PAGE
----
“His first avowed intent to be a penguin” and 19 other hilarious hymn typos

It all started with Bosco Peters sharing this very funny hymn typo on his Facebook page:

1. hymn typo from @liturgy

“In tits fullness undiminished”

Then I asked our fans on twitter and Facebook for their best examples of hymn typos. Here is a selection of the funniest.

2.

Chris is made the sure foundation

“Chris is made the sure foundation”

3.

“Clam rising through change and through storm”

4.

Do you reject “Stan and all his works”?

5.

“They burned my body and they thought I’d gone”

6.

“In his hands he gently bares us”

7.

“Penis Angelicus”

8. “What a fiend we have in Jesus”

9.

angus die

“Angus die”

10.

glaze

“Sheep May Softly Glaze”

11.

hanging

“Jesus you are hanging me”

12.
July

“My hope to follow July”

13.

peach

“your peach in our hearts, Lord, at the end of the day”

14.

penguin

“His first avowed intent to be a penguin”

15.

porpoise

“Communion hums”

16.

unicorn

“Thy unicorn grace bestoweth”

17.

farts

“Set our farts on fire”

18.

sin

“The Lord Christ has given us a sin”

19.

vicious

“I will make you vicious old men”

20.

sin2

“Sin to the Lord with all of your heart”

 

75 thoughts on ““His first avowed intent to be a penguin” and 19 other hilarious hymn typos

  1. Not quite a hymn but related: I once played for a Remembrance Service with a procession of lots of British Legion standards, during which they sang Praise my Soul. Anticipating that this would be too short, the vicar had helpfully written, ‘the organist will improve between verses 3&4’

  2. IMMORAL, IMPOSSIBLE, GOD ONLY KNOWS
    (Tune: St. Denio)

    1. Immoral, impossible, God only knows
    how tenors and basses, sopranos, altos
    at service on Sunday are rarely the same
    as those who on Thursday to choir practice came.

    2. Unready, unable to sight-read the notes,
    nor counting, nor blending, they tighten their throats.
    the descant so piercing is soaring above,
    the melody only a mother could love.

    3. They have a director, but no-one knows why,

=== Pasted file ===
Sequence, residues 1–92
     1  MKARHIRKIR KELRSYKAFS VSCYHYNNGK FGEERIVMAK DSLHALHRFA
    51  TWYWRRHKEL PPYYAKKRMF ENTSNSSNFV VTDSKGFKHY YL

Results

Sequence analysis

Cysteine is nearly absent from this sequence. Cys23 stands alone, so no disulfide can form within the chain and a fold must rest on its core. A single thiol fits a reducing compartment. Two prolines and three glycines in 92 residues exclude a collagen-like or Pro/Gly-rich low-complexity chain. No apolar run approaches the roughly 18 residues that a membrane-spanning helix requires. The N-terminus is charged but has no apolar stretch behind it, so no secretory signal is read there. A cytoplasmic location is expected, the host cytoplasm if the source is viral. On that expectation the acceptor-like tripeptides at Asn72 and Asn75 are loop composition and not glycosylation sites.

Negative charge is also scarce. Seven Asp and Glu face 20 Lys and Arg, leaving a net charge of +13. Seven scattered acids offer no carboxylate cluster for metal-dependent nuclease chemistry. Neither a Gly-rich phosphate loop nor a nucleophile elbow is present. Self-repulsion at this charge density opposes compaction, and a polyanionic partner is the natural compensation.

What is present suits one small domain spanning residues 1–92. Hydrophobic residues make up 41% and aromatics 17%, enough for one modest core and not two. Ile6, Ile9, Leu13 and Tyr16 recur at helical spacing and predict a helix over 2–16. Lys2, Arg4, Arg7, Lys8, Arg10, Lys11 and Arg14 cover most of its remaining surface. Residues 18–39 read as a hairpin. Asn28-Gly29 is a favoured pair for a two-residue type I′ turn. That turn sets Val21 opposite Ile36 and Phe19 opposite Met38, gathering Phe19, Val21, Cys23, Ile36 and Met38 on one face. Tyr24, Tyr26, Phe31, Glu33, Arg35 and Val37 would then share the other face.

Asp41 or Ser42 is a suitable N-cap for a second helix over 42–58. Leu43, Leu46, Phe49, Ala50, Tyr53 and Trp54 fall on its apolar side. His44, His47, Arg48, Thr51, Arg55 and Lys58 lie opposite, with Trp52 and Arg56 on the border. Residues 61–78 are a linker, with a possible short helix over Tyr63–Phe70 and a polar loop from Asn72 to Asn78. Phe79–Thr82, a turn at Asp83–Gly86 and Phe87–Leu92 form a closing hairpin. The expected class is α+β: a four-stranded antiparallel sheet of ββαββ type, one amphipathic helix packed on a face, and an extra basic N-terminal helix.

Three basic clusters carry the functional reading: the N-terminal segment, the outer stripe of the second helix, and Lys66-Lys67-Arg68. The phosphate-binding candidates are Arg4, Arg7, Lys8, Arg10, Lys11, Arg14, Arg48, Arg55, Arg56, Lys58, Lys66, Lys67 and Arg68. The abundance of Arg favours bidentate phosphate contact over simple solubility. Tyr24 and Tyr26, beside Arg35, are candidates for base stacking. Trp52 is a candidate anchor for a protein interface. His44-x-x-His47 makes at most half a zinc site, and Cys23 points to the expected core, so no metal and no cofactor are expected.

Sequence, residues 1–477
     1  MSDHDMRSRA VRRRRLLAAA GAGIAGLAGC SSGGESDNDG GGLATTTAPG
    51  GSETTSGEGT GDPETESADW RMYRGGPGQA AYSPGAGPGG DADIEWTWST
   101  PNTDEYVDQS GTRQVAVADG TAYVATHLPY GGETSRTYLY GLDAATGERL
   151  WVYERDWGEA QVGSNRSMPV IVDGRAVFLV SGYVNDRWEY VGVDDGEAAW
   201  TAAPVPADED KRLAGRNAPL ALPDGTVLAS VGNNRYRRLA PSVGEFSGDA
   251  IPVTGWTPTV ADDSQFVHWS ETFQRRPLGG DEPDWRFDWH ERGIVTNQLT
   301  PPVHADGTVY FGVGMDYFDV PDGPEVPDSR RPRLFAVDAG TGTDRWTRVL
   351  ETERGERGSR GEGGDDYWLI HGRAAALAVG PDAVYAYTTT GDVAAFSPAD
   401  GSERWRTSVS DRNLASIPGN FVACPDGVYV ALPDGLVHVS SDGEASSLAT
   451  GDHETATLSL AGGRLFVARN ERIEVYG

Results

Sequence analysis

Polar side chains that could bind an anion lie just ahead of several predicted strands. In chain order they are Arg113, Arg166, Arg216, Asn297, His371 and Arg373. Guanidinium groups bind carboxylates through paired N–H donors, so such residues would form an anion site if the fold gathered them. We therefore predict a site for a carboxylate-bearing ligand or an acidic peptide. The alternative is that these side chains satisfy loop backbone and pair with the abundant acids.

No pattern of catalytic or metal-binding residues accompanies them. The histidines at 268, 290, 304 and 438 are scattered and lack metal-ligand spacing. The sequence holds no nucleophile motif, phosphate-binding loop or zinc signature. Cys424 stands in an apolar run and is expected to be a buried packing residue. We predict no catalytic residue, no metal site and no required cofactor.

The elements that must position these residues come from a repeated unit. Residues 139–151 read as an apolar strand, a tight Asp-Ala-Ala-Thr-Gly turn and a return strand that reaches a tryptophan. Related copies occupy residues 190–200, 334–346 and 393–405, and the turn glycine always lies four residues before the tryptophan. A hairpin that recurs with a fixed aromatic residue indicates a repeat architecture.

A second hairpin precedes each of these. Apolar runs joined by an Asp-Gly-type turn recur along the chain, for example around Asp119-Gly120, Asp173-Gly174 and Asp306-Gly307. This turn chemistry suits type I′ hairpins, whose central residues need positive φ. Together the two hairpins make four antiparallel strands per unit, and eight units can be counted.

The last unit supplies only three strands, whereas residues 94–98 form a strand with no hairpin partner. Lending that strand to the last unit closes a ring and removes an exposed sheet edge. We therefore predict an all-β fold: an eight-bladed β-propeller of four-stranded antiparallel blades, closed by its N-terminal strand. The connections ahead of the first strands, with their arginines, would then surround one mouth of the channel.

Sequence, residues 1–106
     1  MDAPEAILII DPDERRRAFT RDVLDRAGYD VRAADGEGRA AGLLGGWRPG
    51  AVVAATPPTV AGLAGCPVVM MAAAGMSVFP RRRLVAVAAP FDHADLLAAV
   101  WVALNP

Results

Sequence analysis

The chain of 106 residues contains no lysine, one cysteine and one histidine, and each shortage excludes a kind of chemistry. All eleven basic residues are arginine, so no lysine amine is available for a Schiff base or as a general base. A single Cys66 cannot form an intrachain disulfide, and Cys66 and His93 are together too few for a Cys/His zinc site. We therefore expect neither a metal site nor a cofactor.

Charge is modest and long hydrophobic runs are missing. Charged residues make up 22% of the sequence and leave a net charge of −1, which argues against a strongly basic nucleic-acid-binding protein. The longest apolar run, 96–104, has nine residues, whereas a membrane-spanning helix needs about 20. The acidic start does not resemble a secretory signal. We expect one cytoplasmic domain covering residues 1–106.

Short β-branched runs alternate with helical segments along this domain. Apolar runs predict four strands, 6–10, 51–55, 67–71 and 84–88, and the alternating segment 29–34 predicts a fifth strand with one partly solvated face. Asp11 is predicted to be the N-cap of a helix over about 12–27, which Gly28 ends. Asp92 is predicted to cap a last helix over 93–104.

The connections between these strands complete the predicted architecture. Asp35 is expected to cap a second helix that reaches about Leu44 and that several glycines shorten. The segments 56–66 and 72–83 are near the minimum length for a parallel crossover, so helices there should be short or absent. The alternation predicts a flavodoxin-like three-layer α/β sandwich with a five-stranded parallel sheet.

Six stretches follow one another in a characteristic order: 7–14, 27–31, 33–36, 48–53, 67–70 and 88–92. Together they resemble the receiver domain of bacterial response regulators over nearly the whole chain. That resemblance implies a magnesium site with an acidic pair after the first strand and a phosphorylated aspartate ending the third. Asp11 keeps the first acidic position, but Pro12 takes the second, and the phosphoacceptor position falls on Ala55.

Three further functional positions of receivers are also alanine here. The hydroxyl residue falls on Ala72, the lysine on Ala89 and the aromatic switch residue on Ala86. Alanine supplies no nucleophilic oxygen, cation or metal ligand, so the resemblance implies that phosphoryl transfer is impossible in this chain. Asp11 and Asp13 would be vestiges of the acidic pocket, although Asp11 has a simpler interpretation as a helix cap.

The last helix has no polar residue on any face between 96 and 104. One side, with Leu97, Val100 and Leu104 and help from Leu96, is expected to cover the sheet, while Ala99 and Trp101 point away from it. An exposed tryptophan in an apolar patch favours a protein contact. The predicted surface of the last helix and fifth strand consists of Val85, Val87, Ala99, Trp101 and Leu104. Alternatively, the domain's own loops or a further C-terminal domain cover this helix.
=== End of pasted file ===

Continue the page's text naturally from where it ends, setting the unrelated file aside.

no-one in the choir deigns to turn him an eye.
    It’s clear by his waving, he wants them to look,
    but each of them stands with his nose in the book.

    4. Despite the offences, the music rings out.
    The folks in the pews are enraptured, no doubt.
    Their faces are blissful, their thoughts are so deep,
    but it is no wonder, for they are asleep.

  3. During the first Gulf War, I accidently put “Tanks be to God” at the end of the prayers.

    • 5 years ago, I was listening to BBC Radio 3 Breakfast on a digital TV, and the caption said that they had just broadcast “Miserere Nostril” by Tallis. This appears to be what one might expect if the job was being done by an uneducated person with a spell-checker. It would not have been so bad if it was composed by John Blow!

  4. My wife grew up convinced that the Easter hymn went
    “Up from the grave he arose, with a mighty spider on his nose”

    Slightly related, we did once get the classic Christmas typo promising “mice pies” in the notices.

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  6. Michael Saward’s hymn “Christ triumphant” ought to be sung with clear, precise diction. Otherwise, one particular couplet sounds like:

    Death is through the cross defeated,
    sin is justified.

  7. My son still remembers my prayer on Palm sunday when I said “immoral” instead of “Immortal.”
    At an Ash Wednesday service, one of the choir asked another “What’s but dust?”